The Government of India has issued a draft on the e-commerce policy that aims to create a single legislation to address all aspects of e-commerce and a single regulator to consider issues like foreign direct investment (FDI) implementation in e-commerce.

However, stakeholders expressed concern and seek clarification from the government.  Retailers’ associations stated that the draft lacked some fundamental points and even lacked consensus on the subject.

The stakeholders are now seeking time from the Ministry of Commerce and Industry, Government of India, to press upon it their demand for a level playing field and considering the same definition for both offline and online retailers. Experts have opined that the new draft created ambiguity in the definition of e-commerce.

Commenting on the new e-commerce policy, Kumar Rajagopalan, chief executive officer, Retailers Association of India (RAI), said that the Department of Industrial Policy and Promotion’s (DIPP) new policy for e-commerce in the country, which was supposed to include issues relating to FDI, actually divided the retail industry.

He added, “Retail is about multi-channel, and the laws that apply to one channel should be the same for the other channels. Business-to-consumer (B2C) is retail, irrespective of the channel — online, offline, direct selling or television — it is conducted on.”

Rajagopalan said, “We believe that the policy for regulating marketplaces issued via Press Note 3 by the then commerce minister and DIPP secretary Amitabh Kant was well-drafted and only needed implementation to ensure a level playing field.”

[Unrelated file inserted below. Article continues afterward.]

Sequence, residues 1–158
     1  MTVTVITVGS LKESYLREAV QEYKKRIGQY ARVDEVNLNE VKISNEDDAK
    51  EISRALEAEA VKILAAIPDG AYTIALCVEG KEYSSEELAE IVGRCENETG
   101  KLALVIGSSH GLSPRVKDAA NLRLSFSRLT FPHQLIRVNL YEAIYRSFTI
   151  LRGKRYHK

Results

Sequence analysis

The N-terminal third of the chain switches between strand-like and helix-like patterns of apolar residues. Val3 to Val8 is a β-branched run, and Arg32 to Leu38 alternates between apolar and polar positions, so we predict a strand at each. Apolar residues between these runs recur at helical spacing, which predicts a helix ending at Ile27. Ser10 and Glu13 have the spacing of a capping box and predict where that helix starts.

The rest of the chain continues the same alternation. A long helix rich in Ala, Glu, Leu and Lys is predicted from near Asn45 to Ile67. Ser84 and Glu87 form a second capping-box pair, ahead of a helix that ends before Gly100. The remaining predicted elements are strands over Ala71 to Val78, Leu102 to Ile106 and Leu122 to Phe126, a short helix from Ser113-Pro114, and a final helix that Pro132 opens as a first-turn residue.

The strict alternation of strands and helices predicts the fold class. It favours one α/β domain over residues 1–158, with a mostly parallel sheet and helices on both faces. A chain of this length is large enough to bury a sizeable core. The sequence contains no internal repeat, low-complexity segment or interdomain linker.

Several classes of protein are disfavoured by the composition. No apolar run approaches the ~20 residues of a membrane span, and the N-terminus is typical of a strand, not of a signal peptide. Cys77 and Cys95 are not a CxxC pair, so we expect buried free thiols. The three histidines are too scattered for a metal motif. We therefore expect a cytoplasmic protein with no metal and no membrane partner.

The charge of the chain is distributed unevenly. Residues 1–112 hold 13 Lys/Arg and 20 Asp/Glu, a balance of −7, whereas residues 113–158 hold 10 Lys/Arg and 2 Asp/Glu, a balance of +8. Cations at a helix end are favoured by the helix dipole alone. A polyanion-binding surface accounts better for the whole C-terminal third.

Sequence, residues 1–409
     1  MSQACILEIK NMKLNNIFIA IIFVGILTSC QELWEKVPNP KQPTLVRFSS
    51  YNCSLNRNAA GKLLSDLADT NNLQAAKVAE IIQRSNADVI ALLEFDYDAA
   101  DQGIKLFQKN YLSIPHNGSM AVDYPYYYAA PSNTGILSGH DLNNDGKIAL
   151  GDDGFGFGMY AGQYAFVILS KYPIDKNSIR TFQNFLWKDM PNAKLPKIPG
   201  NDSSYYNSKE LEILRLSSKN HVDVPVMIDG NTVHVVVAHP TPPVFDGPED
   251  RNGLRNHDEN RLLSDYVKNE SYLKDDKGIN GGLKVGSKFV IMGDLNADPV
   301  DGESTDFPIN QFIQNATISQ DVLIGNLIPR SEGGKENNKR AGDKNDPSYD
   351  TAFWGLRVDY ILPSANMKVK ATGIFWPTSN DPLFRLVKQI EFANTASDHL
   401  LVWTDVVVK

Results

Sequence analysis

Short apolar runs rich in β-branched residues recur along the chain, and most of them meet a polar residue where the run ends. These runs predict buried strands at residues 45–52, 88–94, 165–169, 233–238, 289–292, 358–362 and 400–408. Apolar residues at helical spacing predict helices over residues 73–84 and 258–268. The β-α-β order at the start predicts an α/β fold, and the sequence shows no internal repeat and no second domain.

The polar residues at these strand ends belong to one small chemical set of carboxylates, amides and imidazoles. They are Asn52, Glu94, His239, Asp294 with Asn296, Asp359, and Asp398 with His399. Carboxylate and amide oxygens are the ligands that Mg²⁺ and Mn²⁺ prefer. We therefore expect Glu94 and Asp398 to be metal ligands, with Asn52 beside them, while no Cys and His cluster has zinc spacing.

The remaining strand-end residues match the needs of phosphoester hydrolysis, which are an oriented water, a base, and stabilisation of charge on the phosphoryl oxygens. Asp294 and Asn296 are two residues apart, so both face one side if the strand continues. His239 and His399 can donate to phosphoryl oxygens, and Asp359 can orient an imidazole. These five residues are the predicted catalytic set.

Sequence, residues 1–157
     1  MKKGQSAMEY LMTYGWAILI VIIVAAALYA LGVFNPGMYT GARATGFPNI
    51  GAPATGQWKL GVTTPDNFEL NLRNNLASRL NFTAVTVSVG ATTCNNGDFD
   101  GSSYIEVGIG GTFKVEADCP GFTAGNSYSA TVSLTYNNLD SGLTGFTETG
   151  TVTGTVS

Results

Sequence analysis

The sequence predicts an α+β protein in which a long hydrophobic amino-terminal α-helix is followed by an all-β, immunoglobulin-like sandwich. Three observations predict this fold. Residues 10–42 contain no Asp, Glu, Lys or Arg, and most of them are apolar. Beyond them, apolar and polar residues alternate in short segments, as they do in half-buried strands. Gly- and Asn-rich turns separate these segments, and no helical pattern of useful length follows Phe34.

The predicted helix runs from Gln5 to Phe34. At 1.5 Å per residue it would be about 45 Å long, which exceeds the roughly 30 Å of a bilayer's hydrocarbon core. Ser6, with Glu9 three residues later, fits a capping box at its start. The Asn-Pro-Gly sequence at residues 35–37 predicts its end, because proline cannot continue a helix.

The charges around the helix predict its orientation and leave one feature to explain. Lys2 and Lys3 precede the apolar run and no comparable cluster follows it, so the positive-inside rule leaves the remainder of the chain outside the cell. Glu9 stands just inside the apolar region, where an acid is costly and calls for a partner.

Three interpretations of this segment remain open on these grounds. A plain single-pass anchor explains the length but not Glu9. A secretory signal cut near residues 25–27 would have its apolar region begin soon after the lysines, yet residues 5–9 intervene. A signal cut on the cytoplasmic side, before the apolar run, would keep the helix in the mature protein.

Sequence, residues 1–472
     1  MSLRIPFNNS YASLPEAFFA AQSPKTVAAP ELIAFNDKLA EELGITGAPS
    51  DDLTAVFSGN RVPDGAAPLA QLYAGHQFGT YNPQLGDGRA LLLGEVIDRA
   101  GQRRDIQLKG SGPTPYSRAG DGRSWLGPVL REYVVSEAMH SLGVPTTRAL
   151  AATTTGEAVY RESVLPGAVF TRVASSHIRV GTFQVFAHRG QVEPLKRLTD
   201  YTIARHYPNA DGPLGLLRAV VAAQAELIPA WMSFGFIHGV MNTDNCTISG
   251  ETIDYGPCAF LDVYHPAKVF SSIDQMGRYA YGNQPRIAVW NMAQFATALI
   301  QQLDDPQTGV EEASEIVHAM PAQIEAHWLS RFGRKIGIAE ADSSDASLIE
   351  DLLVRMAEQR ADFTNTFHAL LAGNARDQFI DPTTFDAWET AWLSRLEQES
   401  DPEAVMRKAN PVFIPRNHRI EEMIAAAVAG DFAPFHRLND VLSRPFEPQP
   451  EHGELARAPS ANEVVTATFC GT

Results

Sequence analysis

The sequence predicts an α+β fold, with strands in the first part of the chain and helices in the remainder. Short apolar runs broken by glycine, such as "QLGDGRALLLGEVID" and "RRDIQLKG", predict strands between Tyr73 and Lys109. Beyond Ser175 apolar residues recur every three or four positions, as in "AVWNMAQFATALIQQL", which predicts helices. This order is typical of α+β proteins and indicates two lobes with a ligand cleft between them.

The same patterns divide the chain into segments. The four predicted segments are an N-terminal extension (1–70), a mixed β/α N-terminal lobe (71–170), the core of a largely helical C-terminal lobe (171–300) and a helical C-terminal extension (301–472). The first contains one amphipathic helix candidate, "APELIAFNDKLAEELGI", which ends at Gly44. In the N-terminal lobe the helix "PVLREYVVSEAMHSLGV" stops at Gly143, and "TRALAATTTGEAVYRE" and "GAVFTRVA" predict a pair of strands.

“Press Note 3 was created on the basis of an RAI submission. But RAI was not invited to deliberate on the new e-commerce policy, the reasons for which were not available to us. The government needs to ensure adherence to the existing regulations rather than keep tinkering with the policy, unless it intends to further divide retail on the basis of channels and compound the confusion in the FDI policy for retail in the country,” he added.

In a statement, the Confederation All India Traders (CAIT) said the draft of the policy lacked various important fundamentals of e-commerce, and CAIT will soon submit its exhaustive memorandum on the draft to the commerce minister. It argued that cash-on-delivery (COD) in e-commerce business should be strictly prohibited.

Some of the recommendations of the draft e-commerce policy include 49 per cent FDI in B2C e-commerce, but the control and management must rest with resident Indians and such entities would be allowed to hold their own inventory of locally-produced goods, a concession which was not applicable for majority foreign-funded companies. India has also allowed 100 per cent FDI in food retail manufactured and produced locally.

According to the draft, the government is planning a single legislation to regulate all aspects of the e-commerce business, and is also exploring the idea of appointing a regulator to monitor all sector-related issues.

The draft also suggested the creation of a central consumer protection authority to act as a nodal agency for intra-government coordination, mandatory registration of all e-commerce operators and registration of complaints.